Notice: Point goes to Ehrman for making news and delivering a pretty good book, as well as not attacking critics so viciously; http://www.huffingtonpost.com/2014/03/25/bart-ehrman-jesus-god_n_5029457.html

    News for OHJ: a faith organization that pretty much says “[…] if Carrier actually says that he thinks the reference to James is the “only real evidence” in favor of the conclusion of almost all historians and scholars in relevant fields, then we are going to find the book a real disappointment.” Seems to me that even the liberal christians can’t take you seriously; http://www.patheos.com/blogs/exploringourmatrix/2014/06/review-of-two-mythicist-books.html

    In all honesty, I frankly agree with your ideas on the historical Jesus. I do think it’s highly improbable that he existed on account of the fact that there are no known eye-witness accounts to date and the gospels (and gnostic gospels) each paint a different portrait of Jesus, leading me to conclude it was a myth that various cults were devoted to. Here’s the problem with what you do: it’s not that you take criticism poorly, it’s that you seem to refuse that you can be legitimately criticized, on all accounts. Let’s be honest, you don’t have to ridicule, demean and condescend to critics. Your arrogant and egocentric tone will always bar you from being a part of the larger and more serious conversations, unless you’re willing to reevaluate your current approach.

    (If you’re wondering, yes I will make show up every so often when your discourtesy is wholly unwarranted and detrimental to atheism and the goal of debunking religion on the whole)

    All the best,

    James in the West

    • says

      If someone commits a logical fallacy, and I show this to be the case, that is called doing my job.

      It would be silly to complain that your critics keep finding fallacies in your arguments. Um, that’s usually because there are fallacies in your arguments. So you are being quite disingenuous here when you cite my doing this as a negative.

      In fact, I don’t treat critics with contempt. I treat liars with contempt. And I treat people who treat me with contempt, with contempt. Ehrman has done both. I have responded as that behavior deserved.

      But let’s center the focus:

      …using profanity and insults in an academic review of a book…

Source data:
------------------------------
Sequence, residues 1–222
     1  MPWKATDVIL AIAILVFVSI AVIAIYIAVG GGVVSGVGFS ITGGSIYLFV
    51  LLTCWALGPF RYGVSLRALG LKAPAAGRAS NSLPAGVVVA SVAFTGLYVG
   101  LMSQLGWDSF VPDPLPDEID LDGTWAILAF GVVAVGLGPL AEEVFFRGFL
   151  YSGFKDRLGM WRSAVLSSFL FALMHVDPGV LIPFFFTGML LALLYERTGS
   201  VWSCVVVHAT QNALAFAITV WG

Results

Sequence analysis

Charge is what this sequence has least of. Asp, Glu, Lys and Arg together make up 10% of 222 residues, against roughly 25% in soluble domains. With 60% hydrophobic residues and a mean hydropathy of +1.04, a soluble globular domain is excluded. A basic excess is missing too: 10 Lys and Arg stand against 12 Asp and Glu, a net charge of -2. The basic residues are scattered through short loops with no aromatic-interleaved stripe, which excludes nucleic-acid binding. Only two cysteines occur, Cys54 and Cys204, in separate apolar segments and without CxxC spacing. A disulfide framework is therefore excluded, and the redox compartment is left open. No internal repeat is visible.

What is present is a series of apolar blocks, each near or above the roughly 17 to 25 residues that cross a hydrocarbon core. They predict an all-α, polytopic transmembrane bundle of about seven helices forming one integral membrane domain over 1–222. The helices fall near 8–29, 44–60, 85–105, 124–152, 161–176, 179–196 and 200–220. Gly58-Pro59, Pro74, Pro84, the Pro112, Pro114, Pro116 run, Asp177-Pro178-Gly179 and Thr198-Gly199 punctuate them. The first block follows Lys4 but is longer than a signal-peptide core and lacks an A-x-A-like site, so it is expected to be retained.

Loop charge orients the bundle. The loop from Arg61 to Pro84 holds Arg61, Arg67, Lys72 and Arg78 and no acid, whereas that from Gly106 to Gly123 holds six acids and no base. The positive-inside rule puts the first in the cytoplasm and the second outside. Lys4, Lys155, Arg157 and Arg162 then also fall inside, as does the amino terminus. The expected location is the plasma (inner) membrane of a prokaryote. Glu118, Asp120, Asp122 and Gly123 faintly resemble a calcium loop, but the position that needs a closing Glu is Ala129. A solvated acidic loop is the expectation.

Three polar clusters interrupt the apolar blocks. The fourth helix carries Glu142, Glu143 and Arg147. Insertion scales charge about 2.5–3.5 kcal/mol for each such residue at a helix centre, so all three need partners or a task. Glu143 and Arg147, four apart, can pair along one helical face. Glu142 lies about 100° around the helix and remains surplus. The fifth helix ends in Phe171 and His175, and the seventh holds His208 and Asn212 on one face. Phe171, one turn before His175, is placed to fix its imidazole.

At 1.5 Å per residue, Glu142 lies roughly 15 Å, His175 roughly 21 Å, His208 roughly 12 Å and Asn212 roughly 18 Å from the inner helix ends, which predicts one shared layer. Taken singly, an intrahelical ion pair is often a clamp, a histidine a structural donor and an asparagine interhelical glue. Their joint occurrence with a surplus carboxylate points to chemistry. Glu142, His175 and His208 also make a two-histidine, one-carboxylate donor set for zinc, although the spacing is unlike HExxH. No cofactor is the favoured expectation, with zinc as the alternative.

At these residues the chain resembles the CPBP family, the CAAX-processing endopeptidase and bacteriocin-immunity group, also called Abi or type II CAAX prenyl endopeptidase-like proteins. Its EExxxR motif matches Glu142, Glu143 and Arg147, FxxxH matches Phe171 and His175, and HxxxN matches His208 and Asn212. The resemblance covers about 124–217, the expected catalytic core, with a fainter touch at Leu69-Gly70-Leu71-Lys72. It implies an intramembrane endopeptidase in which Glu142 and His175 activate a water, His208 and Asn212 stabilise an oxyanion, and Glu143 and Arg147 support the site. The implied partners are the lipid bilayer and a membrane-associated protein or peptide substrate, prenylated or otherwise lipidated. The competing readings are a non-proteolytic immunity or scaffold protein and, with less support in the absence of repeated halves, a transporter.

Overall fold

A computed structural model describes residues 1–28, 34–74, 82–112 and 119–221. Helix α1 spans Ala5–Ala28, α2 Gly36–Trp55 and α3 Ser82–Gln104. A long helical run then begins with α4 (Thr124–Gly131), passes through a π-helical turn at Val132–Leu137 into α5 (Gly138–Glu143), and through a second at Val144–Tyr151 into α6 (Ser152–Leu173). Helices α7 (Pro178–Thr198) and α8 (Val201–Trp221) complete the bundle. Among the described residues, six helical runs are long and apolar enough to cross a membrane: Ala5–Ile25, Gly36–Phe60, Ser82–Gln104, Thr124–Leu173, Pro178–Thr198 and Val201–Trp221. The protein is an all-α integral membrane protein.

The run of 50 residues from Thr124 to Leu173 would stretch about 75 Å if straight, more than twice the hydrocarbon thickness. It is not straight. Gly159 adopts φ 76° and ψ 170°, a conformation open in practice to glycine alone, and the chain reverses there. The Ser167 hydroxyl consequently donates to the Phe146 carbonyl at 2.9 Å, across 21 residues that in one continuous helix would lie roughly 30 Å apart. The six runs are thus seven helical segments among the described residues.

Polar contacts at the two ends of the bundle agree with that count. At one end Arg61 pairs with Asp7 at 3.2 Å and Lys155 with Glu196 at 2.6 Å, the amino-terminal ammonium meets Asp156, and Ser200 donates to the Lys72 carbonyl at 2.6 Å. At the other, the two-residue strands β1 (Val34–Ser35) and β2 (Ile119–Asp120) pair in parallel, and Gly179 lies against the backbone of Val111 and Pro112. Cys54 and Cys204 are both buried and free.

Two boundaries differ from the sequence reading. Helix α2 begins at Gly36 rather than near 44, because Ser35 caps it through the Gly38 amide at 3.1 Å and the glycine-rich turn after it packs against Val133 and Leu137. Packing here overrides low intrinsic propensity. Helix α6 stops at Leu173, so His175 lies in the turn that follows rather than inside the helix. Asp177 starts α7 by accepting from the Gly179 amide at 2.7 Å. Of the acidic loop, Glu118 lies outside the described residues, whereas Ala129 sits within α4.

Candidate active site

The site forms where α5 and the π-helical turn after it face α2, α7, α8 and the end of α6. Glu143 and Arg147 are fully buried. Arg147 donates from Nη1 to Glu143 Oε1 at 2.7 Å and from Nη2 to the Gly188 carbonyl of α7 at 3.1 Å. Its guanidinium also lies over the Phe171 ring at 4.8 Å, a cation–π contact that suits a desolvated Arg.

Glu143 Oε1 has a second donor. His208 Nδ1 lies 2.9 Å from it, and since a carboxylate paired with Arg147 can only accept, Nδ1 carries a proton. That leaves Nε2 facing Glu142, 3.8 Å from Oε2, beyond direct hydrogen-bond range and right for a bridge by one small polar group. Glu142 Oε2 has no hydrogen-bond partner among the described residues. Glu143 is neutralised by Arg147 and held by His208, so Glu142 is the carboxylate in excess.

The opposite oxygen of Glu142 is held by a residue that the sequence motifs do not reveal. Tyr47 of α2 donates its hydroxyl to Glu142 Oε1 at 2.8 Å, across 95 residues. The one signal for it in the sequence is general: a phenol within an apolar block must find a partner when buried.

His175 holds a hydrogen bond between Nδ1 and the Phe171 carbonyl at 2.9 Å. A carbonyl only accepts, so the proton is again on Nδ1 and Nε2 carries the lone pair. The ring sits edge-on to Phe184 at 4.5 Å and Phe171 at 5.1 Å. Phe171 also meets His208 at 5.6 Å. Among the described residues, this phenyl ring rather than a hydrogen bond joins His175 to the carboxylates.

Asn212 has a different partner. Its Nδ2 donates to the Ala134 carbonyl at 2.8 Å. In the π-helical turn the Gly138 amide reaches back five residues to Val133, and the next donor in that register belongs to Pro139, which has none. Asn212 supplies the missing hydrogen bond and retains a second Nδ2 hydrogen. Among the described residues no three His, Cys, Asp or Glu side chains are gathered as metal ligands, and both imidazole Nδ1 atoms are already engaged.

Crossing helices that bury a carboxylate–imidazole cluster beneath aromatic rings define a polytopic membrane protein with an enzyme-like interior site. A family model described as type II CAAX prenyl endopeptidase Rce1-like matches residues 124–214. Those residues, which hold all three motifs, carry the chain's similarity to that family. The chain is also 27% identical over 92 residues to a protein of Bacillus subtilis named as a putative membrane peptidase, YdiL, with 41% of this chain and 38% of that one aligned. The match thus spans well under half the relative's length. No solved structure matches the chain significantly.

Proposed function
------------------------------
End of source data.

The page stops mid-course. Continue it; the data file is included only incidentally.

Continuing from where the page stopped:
Give me an example of “profanity and insults” in my review of his book. We’ll start there.

      (BTW, I am assuming you are not a sock puppet for James McGrath. Although, if you are not, it’s hard to fathom why you’d cite him here as representative of Christian opinion, knowing that I’ve caught him in extraordinarily embarrassing errors. Links are in the article you claim to be commenting on.)

    • James in the West says

      You know full well that I’m no one’s sock puppet or bot. So if you’ll allow it, I’ll suggest that we not bother with speculation on the subject as it distracts from the actual argument. After all, what purpose does it serve other than to discredit me and what I say?

      It is one thing to point out a logical fallacy. It is an entirely different thing to do so as the cornerstone and foundation of most or all of your arguments. Believe it or not, you can have a difference of opinion whilst committing no logical errors. Most especially in subjective fields such as mythology, religious studies, ancient history, etc… I should remind you that even in mathematics, it is possible to arrive at different answers from the same starting point. I wonder, have you ever taken differential calculus? Take a look at Kummer’s hypergeometric differential equation; there are 24 different solutions one can derive with Frobenius method, none of which are necessarily wrong. They simply describe different conditions.

      The point I want to illustrate there is that having different answers does not necessarily entail faulty logic. And if in mathematics we can have multiple “right” (as in, mathematically sound), then I don’t think it’s impossible that two historians could arrive at different conclusions using sound logic.

      So when someone disagrees with you Carrier, that does not necessarily mean they committed a fallacy. And rarely do I see you actually demonstrate a fallacy. If anything, I only see you using “that’s fallacy [x, y, z, etc]” as your go-to rationalization for how anyone could disagree with your opinions.